Given the previous misguided stimulus efforts in China, it is not surprising to discover Chinese Banks’ Bad Loans Rise in Fourth Quarter.
Chinese commercial banks’ bad loans increased in the fourth quarter of last year, highlighting pressures the lenders face in maintaining asset quality as the economy slows.
Non-performing loans rose 20.1 billion yuan ($3.2 billion) to 427.9 billion yuan as of Dec. 31, the China Banking Regulatory Commission said in a report on its website today. Bad loans accounted for 0.96 percent of total lending, up from 0.95 percent in September and 0.17 percentage point lower than a year earlier.
Chinese banks are struggling to keep bad loans in check as the country’s economic expansion slows and the housing market cools under government curbs. Lenders’ non-performing loan ratio had not increased quarter-on-quarter since the end of 2005, according to data compiled by Bloomberg.
China Cuts Bank Reserve Requirements
Bad loans or not, in an attempt to keep its faltering economy together, China Cuts Bank Reserve Requirements.
China cut the amount of cash that banks must set aside as reserves for the second time in three months to spur lending as Europe’s debt crisis and a cooling property market threaten economic growth.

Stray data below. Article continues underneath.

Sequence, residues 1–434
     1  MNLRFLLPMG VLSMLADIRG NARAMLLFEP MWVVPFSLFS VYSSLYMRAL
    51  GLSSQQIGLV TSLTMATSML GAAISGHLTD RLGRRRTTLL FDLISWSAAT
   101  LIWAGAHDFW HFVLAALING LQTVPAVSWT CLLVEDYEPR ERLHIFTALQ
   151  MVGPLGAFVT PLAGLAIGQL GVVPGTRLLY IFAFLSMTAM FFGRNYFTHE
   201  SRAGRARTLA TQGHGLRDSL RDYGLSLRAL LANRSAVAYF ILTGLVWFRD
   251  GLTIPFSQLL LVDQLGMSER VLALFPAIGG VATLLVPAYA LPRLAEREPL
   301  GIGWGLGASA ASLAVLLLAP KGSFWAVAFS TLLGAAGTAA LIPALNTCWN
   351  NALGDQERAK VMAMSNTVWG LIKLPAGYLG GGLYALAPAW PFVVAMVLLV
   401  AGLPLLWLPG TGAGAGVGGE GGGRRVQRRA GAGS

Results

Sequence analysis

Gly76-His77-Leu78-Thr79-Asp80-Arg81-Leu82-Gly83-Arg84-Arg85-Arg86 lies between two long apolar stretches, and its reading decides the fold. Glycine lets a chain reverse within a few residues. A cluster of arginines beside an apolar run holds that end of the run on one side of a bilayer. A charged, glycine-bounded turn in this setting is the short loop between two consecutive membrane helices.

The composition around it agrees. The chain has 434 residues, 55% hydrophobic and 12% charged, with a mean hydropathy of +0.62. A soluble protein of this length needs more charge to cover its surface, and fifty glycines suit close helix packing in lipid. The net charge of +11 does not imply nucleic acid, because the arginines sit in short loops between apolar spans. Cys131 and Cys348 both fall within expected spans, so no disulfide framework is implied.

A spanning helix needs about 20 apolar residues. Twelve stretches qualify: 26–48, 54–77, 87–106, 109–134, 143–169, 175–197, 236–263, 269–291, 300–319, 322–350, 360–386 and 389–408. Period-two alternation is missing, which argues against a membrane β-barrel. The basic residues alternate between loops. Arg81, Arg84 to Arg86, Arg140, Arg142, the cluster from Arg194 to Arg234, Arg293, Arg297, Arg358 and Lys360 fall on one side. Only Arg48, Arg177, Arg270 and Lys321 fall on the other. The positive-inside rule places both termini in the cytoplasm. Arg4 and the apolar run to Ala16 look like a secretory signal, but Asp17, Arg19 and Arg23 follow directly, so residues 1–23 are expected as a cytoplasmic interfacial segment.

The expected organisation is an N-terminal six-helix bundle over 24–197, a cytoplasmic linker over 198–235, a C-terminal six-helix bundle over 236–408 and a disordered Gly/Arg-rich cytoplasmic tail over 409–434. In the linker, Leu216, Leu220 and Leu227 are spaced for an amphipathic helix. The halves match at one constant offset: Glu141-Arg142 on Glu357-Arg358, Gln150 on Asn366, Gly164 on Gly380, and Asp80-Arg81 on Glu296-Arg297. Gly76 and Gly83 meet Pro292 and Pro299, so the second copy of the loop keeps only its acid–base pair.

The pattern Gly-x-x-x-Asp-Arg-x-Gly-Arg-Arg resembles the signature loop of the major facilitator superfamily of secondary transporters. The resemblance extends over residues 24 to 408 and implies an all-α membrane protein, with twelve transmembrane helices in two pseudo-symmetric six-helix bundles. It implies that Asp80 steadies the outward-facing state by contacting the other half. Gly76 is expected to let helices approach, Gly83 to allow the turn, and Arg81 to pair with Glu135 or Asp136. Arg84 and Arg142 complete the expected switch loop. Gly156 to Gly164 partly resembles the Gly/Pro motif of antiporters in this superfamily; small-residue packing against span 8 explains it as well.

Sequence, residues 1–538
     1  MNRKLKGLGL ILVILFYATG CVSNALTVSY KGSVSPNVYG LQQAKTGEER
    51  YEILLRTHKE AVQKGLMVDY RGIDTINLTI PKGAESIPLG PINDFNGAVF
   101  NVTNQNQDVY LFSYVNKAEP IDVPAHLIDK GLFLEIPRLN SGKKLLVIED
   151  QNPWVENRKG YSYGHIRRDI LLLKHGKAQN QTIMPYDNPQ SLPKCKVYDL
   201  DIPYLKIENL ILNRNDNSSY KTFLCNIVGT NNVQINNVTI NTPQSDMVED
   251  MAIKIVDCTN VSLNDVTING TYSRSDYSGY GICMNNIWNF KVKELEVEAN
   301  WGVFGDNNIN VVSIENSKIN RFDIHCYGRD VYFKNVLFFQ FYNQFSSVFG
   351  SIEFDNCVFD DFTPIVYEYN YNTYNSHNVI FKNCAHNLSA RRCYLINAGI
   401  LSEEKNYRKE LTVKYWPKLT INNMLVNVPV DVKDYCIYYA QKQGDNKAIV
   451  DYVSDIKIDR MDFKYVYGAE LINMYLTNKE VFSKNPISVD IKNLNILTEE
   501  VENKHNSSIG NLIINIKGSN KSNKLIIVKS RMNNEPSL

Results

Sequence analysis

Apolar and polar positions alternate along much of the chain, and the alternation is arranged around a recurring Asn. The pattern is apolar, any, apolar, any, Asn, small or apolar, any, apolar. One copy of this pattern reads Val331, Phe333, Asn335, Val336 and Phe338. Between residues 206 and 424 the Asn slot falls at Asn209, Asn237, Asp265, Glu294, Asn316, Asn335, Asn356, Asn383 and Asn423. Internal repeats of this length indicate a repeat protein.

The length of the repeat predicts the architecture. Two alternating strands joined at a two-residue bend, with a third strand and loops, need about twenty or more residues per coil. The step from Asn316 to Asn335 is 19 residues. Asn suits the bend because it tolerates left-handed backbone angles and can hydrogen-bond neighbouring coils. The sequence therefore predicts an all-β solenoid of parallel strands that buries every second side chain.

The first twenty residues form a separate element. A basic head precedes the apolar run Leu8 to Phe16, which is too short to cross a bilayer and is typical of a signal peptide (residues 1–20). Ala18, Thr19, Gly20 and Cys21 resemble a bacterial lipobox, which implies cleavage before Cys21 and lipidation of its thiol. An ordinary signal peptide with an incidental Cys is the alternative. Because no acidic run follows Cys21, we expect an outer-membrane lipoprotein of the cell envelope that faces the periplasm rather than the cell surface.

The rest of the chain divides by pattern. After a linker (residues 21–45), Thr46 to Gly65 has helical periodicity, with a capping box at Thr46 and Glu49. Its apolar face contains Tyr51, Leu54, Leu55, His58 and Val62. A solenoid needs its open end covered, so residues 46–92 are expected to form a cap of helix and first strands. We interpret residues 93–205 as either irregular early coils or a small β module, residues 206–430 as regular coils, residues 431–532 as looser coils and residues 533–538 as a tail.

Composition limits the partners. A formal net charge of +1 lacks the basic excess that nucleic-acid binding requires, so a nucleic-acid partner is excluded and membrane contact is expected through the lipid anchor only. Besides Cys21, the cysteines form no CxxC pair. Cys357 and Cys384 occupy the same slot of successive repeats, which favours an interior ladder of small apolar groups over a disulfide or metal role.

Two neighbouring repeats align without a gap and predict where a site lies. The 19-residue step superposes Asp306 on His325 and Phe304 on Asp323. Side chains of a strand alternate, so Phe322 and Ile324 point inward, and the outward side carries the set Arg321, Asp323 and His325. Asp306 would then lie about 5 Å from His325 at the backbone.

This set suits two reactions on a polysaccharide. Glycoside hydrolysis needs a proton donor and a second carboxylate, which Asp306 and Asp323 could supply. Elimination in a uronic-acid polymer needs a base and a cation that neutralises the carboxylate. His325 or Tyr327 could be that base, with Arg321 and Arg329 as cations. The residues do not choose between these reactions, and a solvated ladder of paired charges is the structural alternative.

Reserve requirements will fall by 50 basis points effective Feb. 24 the People’s Bank of China said on its website this evening. Before today’s move, the ratio for the nation’s largest lenders stood at 21 percent.
Premier Wen Jiabao aims to steer the world’s second-biggest economy through a property market slowdown and the weakest export growth since 2009, with the commerce ministry last week calling the trade outlook “grim.” The International Monetary Fund said this month that China’s expansion may be cut almost in half if Europe’s debt crisis worsens.
“Growth remains the top concern for policy makers,” Zhu Haibin, a Hong Kong-based economist for JPMorgan Chase & Co. (JPM), said before today’s release. “Monetary policy will be biased toward easing this year.”
China’s exports and imports fell for the first time in two years last month and new lending was the lowest for a January in five years.
Before today's announcement, Ken Peng, a Beijing-based economist at BNP Paribas SA, said the government needs to be “careful not to overshoot monetary loosening, as it did in the financial crisis.” Lingering effects of record lending in 2009 and 2010 include the risk for banks that local government financing vehicles will default, saddling lenders with bad loans.
The government also aims to avoid fueling consumer and property prices. Inflation unexpectedly rebounded to 4.5 percent in January, accelerating for the first time in six months, as a week-long Chinese New Year holiday boosted spending and prices.
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